Most Embedded System Failures Can Be Prevented

Simple steps early in the design process can pay dividends down the road, expert says.

Early awareness of problems is the key to circumventing failures of embedded electronics, an expert will tell attendees at the upcoming Embedded Systems Conference in Boston.

Craig Hillman, CEO of DfR Solutions, contends that connectors, heat, and buying decisions head the list of the biggest problems facing embedded developers. And all of those should be dealt with as early as possible, he said. “There are simple things you can do early in the design process to improve your workflow,” Hillman told Design News. “If you don’t do them early in the process, it can cost you money and your product can come to market later than your competitor’s.”

Craig Hillman of DfR Solutions: “You can, early on, figure out if there’s going to be a problem, almost before you pick the parts.”  (Image source: DfR Solutions)

Hillman will discuss potential problems and solutions in a session titled, Common Mistakes by Embedded Systems Designers: What They Are and How to Fix Them, at the Embedded Systems Conference in Boston on Thursday, May 16.

The Three Biggest Culprits

The most insidious failure mechanism – the one that often blindsides developers – is heat, Hillman said. Unfortunately, thermal issues are typically addressed too late. “Engineers will pick the parts and the housing, they’ll be 80% finished, and then they’ll find they’re getting temperatures of 90° to 100° C,” he said. “When they try to fix it, they cause other problems. It cascades.”

He recommends that developers do “back-of-the-envelope” calculations as early in the design as possible, even before doing simulations or computational fluid dynamics (CFD) studies. “The whole team has to sit down together and say, ‘Here’s roughly the amount of power we expect and here’s roughly the size of the box,’” he explained. “And from that, they can figure out if there’s going to be a problem.”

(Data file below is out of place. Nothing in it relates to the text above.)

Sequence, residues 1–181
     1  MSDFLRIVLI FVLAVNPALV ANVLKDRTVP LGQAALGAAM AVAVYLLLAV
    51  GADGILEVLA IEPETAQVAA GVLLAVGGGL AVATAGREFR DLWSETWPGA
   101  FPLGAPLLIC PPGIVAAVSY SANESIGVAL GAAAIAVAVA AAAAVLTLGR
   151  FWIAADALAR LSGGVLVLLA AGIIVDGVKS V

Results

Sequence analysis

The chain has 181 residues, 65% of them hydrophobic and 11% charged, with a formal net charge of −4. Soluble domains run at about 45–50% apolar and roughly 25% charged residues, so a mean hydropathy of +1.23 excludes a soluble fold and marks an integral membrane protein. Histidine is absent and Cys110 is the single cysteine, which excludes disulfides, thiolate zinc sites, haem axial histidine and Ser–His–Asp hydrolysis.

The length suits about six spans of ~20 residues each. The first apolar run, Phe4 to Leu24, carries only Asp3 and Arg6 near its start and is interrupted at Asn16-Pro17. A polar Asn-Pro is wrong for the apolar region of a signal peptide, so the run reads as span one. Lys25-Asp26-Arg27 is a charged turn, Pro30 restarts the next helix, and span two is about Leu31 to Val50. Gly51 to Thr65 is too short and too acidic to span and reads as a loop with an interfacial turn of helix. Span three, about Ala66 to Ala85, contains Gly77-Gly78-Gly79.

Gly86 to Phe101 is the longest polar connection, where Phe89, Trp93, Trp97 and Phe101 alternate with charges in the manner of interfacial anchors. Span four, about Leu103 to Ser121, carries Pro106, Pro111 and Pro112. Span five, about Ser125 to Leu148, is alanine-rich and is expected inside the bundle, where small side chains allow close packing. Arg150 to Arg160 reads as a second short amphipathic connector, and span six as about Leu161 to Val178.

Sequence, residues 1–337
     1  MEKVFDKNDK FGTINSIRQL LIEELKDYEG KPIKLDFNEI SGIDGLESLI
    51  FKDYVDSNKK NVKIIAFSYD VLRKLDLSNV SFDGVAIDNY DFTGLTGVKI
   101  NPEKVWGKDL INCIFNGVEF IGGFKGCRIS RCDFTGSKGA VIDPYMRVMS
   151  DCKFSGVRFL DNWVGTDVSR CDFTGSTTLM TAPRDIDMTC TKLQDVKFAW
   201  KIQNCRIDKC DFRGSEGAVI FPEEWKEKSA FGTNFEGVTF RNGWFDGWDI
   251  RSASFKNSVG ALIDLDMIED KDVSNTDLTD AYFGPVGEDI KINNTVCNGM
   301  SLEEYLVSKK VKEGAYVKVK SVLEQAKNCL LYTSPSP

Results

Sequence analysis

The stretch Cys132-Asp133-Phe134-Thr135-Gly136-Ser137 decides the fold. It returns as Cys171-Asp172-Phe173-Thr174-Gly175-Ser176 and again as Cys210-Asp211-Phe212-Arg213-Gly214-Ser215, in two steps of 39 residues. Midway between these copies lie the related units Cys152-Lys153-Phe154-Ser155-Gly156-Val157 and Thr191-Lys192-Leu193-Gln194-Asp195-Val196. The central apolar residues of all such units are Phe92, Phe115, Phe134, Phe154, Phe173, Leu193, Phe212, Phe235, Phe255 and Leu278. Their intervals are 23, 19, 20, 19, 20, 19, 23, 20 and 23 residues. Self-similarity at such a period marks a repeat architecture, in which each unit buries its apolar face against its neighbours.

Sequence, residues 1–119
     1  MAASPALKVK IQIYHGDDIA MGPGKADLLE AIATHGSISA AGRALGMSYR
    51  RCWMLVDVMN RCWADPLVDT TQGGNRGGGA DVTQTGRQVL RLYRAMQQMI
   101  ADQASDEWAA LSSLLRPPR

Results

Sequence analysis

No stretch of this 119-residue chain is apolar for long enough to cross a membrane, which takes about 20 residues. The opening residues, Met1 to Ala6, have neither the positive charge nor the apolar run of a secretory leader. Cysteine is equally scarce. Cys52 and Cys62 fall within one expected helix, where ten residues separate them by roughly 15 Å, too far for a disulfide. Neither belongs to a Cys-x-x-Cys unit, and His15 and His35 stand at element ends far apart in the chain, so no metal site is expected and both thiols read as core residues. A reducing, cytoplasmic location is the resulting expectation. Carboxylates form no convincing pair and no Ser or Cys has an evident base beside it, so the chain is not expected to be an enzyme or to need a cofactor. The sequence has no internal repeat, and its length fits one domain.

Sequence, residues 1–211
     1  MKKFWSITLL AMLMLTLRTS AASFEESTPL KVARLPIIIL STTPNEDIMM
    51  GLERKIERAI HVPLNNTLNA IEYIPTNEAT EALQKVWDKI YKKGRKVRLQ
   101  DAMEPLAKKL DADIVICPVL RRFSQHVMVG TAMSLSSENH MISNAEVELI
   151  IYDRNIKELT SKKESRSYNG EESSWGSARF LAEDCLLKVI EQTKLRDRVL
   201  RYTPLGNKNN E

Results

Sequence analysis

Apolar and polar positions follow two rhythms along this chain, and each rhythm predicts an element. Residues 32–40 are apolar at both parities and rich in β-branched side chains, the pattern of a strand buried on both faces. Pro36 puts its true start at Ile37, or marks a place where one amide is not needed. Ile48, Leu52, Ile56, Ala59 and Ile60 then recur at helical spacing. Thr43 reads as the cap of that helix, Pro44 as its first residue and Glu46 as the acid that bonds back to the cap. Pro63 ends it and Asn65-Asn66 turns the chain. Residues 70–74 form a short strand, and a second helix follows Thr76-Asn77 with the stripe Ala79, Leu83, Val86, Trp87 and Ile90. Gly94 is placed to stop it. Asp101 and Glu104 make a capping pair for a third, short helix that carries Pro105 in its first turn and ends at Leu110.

At that point, he added, the team can also consider the thermal effects of other matters, such as orientation of components, color of parts, and placement of fans. By doing so, they should have a good sense of where the heat issues might lie. “There are rules of thumb you can follow to get 80% to 90% of the way there early in the process,” he told us.

In terms of raw numbers, however, the biggest problem may be connectors, Hillman will tell attendees. “When we talk to customers, we hear that connectors are the most common cause of embedded systems failures,” Hillman told us.

Hillman said there are myriad reasons for connector failure. Moreover, it can be a difficult failure to prevent, since connectors may be specified early and designers may have little choice in the matter. Still, he said, designers should consider such issues as positive retention, strain relief, alignment of pins, and separation of power and ground. He said there are rules of thumb governing all those matters in what he calls “The Ten Commandments of Connectors.” Hillman will discuss those commandments at the session.

Finally, he said, embedded designers must weigh the effects of developing their own systems versus buying them from vendors. The majority of engineers do a mixture of both, he said. And if that’s the case, they must be prepared, not only to choose the best vendor, but to clearly define that vendor’s role.

“You have to decide early on what you need from the vendor,” Hillman told us. “Do you just need them to build (the part) and send it to you? Do you need design files that you can review? Do you need validation of the design?”

If designers don’t know the answers to those questions, they can paint themselves into a corner, Hillman contends. Some customers (particularly automotive and aerospace OEMs) may want details on various aspects of the design. And if the embedded developer can’t supply those details, it could jeopardize their business relationship.

The bottom line is that almost all failures can be prevented with early intervention and attention to detail, Hillman said. “If you start at the concept stage, you can always pivot,” he told us.  “You can, early on, figure out if there’s going to be a problem, almost before you pick the parts.”

Senior technical editor Chuck Murray has been writing about technology for 35 years. He joined Design News in 1987, and has covered electronics, automation, fluid power, and auto.

 

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